sexta-feira, 25 de setembro de 2015

pgAFIS: Biometric Elephant

Biometric technologies are increasingly used in civilian applications. One example is that in the 2014 elections, 21.6 million Brazilians (15% of the country's voters) in 762 municipalities (including 15 capitals) should use biometrics in electronic voting machines in order to reduce the risk of errors, fraud and slowness.

In India a government pioneering initiative promises to create the largest biometric database in the world. In the country there are over half a billion people who lack any kind of identification, making it impossible for them to receive government aid, open bank accounts, apply for loans, get a driver's license, among others. Expecting to register the biometric data of more than one million people a day, the project hopes to have by the end of 2014 the records of all 1.2 billion Indians in its database.

Thus, while scratching on the subject, I found out that the sourcecodes of biometric routines from FBI/NIST are public. Such routines are the heart of AFIS (Automatic Fingerprint & Identification System), among which two algorithms stand out: the characteristics extractor (feature extractor) and the comparator of minutiae (matcher).

After studying this NIST code (in C language), I decided to create support for such features natively on my favorite DBMS, PostgreSQL. And so it was born pgAFIS (Automated Fingerprint Identification System support for PostgreSQL), an extension capable of providing feature extraction and minutiae comparison from SQL statements within PostgreSQL.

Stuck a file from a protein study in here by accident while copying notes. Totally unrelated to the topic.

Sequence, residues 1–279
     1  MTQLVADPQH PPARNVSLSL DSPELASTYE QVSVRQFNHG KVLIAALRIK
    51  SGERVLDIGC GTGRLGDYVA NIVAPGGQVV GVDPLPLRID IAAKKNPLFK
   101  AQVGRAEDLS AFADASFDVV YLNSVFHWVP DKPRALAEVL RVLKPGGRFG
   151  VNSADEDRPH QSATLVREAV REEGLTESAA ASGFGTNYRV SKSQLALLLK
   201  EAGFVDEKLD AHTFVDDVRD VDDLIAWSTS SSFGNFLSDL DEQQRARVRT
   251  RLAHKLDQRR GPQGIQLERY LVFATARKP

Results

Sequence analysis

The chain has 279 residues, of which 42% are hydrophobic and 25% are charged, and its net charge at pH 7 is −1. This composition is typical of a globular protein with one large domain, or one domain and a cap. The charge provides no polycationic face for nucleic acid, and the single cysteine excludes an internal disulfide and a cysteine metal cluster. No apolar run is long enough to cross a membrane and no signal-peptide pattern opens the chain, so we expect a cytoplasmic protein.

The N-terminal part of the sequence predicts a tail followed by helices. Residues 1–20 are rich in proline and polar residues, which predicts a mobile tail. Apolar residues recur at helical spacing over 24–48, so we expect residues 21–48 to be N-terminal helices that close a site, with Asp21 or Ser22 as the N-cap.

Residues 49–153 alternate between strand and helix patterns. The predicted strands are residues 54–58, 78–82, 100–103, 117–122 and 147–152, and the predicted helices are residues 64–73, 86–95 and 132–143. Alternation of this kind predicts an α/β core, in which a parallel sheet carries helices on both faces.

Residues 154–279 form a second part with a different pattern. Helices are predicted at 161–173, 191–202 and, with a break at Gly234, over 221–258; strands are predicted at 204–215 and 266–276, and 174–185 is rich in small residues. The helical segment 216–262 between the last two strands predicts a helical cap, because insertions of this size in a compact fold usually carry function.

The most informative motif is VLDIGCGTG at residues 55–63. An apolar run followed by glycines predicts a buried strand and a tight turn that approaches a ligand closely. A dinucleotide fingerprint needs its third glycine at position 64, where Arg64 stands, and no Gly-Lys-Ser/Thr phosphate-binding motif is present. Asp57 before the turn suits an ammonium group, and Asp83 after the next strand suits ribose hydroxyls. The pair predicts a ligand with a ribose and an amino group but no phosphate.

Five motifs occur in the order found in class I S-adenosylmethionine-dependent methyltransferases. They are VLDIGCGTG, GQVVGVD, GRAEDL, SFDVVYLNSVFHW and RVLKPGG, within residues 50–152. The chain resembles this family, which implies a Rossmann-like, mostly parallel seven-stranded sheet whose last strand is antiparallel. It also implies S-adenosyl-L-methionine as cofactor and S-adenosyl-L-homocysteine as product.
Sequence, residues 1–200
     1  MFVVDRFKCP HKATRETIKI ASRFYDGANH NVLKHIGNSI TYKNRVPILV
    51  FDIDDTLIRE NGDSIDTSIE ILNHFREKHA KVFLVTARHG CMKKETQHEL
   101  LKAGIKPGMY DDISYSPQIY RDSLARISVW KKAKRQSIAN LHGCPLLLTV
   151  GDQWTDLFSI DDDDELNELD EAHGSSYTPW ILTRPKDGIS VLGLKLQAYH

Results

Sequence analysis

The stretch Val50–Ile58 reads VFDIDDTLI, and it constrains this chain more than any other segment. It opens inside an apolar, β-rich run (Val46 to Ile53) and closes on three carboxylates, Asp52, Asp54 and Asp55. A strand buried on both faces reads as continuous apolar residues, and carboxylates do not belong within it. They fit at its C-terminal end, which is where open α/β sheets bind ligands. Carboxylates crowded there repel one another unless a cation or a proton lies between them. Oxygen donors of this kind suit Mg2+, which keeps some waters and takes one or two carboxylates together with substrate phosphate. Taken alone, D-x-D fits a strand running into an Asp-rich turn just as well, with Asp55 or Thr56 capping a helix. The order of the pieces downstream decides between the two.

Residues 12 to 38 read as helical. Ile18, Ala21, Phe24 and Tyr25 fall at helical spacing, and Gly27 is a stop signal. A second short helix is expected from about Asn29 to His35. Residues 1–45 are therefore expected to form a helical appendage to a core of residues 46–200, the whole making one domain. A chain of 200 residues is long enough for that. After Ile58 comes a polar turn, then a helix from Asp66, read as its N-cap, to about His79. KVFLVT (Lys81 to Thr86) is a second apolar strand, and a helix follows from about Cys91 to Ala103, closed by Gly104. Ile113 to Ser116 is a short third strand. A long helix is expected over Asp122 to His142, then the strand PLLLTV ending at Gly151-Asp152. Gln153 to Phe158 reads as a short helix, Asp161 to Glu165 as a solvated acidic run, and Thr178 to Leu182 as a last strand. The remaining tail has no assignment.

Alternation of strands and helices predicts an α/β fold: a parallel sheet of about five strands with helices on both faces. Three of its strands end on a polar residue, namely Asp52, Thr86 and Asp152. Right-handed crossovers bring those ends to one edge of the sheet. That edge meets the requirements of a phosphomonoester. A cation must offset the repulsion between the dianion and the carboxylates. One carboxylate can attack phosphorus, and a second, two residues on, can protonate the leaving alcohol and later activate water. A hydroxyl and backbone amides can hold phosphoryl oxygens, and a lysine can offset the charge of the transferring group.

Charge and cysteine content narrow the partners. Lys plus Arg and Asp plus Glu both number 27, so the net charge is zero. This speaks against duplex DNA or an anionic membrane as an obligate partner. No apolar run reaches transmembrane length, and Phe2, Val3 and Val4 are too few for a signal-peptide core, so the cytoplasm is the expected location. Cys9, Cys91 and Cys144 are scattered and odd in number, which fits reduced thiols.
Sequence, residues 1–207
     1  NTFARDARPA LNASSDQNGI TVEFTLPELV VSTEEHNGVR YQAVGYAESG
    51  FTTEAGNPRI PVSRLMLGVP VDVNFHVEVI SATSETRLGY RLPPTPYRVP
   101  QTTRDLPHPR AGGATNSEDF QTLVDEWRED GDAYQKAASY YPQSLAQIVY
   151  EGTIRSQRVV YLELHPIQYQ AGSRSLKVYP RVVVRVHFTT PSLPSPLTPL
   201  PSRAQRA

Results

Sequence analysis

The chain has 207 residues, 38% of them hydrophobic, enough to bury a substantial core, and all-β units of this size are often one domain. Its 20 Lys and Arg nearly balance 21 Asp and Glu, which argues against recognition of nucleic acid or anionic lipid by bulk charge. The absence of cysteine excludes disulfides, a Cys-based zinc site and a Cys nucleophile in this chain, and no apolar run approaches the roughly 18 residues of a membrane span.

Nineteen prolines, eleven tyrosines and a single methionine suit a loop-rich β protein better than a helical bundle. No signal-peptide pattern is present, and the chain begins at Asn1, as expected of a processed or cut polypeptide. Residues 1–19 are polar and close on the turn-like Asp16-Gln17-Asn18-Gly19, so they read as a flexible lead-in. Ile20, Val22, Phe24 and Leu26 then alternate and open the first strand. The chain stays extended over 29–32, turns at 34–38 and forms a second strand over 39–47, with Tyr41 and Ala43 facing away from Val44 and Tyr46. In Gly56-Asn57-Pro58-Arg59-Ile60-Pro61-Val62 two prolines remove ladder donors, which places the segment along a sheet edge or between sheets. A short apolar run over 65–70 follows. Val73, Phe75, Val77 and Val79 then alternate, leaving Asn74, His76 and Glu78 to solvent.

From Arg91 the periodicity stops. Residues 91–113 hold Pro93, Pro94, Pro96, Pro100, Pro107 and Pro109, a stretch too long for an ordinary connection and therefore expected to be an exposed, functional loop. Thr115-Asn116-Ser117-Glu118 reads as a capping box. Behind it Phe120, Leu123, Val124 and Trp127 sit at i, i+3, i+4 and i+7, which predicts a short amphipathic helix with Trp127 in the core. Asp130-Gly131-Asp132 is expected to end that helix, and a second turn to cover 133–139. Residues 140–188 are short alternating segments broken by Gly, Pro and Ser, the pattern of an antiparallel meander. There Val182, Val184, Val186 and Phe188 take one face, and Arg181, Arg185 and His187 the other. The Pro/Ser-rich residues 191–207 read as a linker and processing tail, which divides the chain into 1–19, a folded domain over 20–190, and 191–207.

But how does that work in practice?

Well, let's start by data modeling. You'll need to create in the database a table in which information of fingerprints will be stored, as described below:

Table "public.fingerprints"
 Column |     Type     | Modifiers 
 id     | character(5) | not null
 pgm    | bytea        | 
 wsq    | bytea        | 
 mdt    | bytea        | 
 xyt    | text         | 
    "fingerprints_pkey" PRIMARY KEY, btree (id)
  • "pgm" stores fingerprints raw images (PGM)
  • "wsq" stores fingerprints images in a compressed form (WSQ)
  • "mdt" stores fingerprints templates in  XYTQ  type in a binary format (MDT)
  • "xyt" stores fingerprints minutiae data in textual form
The data type used in these columns is "bytea" (an array of bytes), similar to BLOB in other DBMSs. PGM and WSQ formats are open and well-known in the market. On the other hand, MDT is a format I created. :D

Therefore, fingerprints images may be obtained in raw format and stored on "pgm" column in that table. PGM format is a kind of bitmap, where there is no compression. Fingerprint readers usually store image files using this format.

Now pgAFIS comes into play! A particular function is able to convert the binary data from a PGM content into a WSQ format (a kind of JPEG created by NIST/FBI). This is done by running this SQL statement:

UPDATE fingerprints
SET wsq = cwsq(pgm, 2.25, 300, 300, 8, null);